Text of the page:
2011 Literbike Streetfighter Shootout
Honda CB1000R vs. Kawasaki Z1000 vs. Triumph Speed Triple
Triumph Speed Triple $11,799/$12,599 with ABS
“What’s not to love about this bike?”
Troy took the words right out of my mouth when he asked that somewhat rhetorical question after ending a day with these troublemakers. I have to admit, though, I was sort of biased coming into this comparison.
While I knew the Z was a likable bike out of the gate, and I was eager to sample the new Honda, the Speed has held a special place in my heart for a long time. This new Triple is an improvement over the previous model, but the Speed’s core qualities and character have remained.
And in the spirit of streetfighter hooliganism, the Speed does something particularly well: Effortless, sustainable wheelies with little more than a hot breath on the throttle.
Early on we covered how the Trumpet’s 1050cc inline-Triple won the power grab. But dyno results don’t always convey engine character. It’s not so much the Speed’s dominant power and torque that are key assets, but rather the ultra-manageable manner in which the Triple allows the rider to access that power that makes the Triple the most appealing of the three engines.
Although the Triumph’s dyno graph lines have some minor wiggles and aren’t as smooth as, say, the Kawasaki’s, it’s the Speed’s excellent fueling and locomotive-like pull that create the sensation the bike is motivated by a powerful electric motor. Mix in the burble burble Pop! Pop! Pop! exhaust music during engine overrun, and we’ve got the makings of a very seductive motorcycle engine. Yes, the aftermarket Arrow cans certainly amplify the saucy sounds, but even in standard trim the Triple’s song is alluring.
With the raciest dimensions of the group, and ostensibly lightest curb weight, the Speed oddly lacked the utter “flickability” of the Honda. Nevertheless, the Tri is by no means slow steering. Despite its 190 rear tire, the Trumpet required minimal input to initiate a turn, aided in part by good leverage from the one-piece tapered aluminum handlebar.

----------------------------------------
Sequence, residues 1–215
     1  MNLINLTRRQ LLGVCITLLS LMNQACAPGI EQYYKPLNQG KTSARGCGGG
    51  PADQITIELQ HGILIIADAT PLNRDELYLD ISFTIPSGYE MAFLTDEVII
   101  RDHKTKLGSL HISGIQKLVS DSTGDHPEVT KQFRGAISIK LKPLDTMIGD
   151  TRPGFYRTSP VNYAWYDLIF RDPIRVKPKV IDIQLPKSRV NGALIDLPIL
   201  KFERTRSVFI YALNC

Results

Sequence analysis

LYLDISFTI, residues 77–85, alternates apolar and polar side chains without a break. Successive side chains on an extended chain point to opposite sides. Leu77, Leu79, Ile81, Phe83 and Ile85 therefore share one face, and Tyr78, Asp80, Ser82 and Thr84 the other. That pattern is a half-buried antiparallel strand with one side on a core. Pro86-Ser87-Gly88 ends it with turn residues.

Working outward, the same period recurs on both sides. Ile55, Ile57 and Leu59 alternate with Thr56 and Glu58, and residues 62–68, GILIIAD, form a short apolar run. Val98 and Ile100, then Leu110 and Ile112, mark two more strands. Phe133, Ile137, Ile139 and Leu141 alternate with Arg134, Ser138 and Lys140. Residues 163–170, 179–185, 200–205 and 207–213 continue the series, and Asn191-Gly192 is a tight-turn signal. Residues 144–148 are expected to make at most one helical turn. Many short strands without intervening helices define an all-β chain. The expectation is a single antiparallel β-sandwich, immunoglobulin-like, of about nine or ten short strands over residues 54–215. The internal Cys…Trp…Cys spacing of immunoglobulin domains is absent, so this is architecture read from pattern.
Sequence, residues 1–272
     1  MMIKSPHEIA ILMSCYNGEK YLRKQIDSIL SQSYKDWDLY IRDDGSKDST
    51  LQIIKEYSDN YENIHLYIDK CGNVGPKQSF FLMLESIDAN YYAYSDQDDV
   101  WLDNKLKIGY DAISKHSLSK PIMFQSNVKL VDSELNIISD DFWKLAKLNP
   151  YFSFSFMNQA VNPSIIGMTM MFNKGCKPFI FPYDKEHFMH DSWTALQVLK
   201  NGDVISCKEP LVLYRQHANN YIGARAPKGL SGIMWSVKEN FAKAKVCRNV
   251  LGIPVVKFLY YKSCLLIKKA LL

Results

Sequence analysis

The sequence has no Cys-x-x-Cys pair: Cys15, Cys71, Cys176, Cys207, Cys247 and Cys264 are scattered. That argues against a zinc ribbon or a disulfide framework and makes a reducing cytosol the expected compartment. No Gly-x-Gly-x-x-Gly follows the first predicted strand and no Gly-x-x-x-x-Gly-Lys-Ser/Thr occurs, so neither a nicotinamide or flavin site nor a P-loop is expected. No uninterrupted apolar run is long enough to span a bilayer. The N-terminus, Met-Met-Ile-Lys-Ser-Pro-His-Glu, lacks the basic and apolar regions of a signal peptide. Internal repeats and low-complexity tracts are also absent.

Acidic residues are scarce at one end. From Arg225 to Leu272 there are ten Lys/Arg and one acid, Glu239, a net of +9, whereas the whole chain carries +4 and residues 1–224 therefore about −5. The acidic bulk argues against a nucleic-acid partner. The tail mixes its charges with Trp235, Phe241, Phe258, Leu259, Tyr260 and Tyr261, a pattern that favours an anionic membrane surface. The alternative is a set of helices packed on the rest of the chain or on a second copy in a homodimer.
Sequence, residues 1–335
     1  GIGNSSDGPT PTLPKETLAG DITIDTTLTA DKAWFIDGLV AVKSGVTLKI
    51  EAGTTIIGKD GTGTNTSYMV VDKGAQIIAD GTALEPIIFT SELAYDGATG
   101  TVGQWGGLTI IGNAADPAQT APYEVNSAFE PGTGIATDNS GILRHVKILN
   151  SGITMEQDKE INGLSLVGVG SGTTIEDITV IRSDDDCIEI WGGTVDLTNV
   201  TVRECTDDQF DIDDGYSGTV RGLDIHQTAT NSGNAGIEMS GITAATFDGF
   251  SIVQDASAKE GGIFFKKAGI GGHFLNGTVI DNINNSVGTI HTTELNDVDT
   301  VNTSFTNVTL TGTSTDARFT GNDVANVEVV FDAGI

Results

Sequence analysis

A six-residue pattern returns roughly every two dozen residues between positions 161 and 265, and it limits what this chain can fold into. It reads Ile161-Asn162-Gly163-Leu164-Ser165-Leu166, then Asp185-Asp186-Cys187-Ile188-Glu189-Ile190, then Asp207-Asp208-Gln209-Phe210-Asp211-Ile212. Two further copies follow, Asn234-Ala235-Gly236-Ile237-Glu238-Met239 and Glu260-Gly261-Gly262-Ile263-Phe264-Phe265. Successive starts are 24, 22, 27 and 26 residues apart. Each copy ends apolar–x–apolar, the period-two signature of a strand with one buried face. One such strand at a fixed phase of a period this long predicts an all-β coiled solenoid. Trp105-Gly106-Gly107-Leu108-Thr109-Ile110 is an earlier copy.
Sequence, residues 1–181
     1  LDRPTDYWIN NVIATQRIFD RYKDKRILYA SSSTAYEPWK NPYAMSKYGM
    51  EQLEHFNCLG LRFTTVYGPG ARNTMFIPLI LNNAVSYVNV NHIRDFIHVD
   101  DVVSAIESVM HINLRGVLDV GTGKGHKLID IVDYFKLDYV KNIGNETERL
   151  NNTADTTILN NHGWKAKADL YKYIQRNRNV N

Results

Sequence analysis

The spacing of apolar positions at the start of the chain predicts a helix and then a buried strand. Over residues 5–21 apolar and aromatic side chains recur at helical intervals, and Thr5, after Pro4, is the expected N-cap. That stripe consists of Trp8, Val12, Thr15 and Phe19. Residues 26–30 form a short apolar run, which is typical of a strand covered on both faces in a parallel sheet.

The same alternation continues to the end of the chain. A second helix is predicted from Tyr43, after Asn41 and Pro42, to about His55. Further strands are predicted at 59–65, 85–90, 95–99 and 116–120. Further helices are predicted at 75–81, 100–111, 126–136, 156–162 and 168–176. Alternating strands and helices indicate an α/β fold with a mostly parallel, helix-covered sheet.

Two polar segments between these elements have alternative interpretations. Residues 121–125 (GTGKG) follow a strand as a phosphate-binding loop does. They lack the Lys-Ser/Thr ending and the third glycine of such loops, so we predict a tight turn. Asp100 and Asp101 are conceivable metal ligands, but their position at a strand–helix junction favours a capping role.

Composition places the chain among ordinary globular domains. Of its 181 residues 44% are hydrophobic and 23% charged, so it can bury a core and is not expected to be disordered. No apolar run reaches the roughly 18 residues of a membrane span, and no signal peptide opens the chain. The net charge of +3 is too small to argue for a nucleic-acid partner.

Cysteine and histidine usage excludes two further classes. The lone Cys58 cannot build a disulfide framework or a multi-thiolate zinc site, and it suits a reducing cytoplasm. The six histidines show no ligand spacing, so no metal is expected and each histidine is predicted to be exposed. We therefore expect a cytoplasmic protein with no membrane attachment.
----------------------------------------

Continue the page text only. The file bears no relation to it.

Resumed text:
“The Speed 3 proved less nimble than I expected,” opined Kevin, “but its improved front-end feel is readily apparent.”
As delivered, the S3’s fully adjustable front and rear suspension was spot on. The ideal combination of good damping during freeway stints and excellent stability in the curvy bits, topped off by high levels of feel imparted by the Metzeler Racetec tires, made the Speed Triple’s chassis a favorite with the majority of our testers.
Reeling in the speedy Speed is the work of dual radial-mount Brembo calipers actuated by a radial-pump Brembo master cylinder pushing fluid through stainless steel lines – the only set here.
Troy and I ranked the Triumph’s brakes as the best of the group, crediting them with allowing us to brake later into turns, thereby letting the Speed stay with the quicker-steering Honda in the tight stuff. Put plainly, these binders have it all: good but not overly strong initial bite, power, feel and ease-of-modulation. The Brembo name is once again proudly represented.
We’d like to comment on the optional ABS, but an S3 so equipped wasn’t available at test time.
I scored the Triumph as having the best saddle: it’s broad and roomy with supportive but comfortable foam density. However, the Triumph otherwise has the most aggressive rider ergos. With the most forward lean to the bar, highest footpegs and what clearly was the highest seat height (32.5 inches, claimed), the Triumph is ready for aggressive, attack-mode riding.
While the CB1000R is motard-y, the Speed, too, begs you to wheelie off the line, slam through the gears, then slide the back end around whether by mashing the brake pedal or drifting it like a real supermoto racer (which none of us could do, btw, but the Speed has the potential!).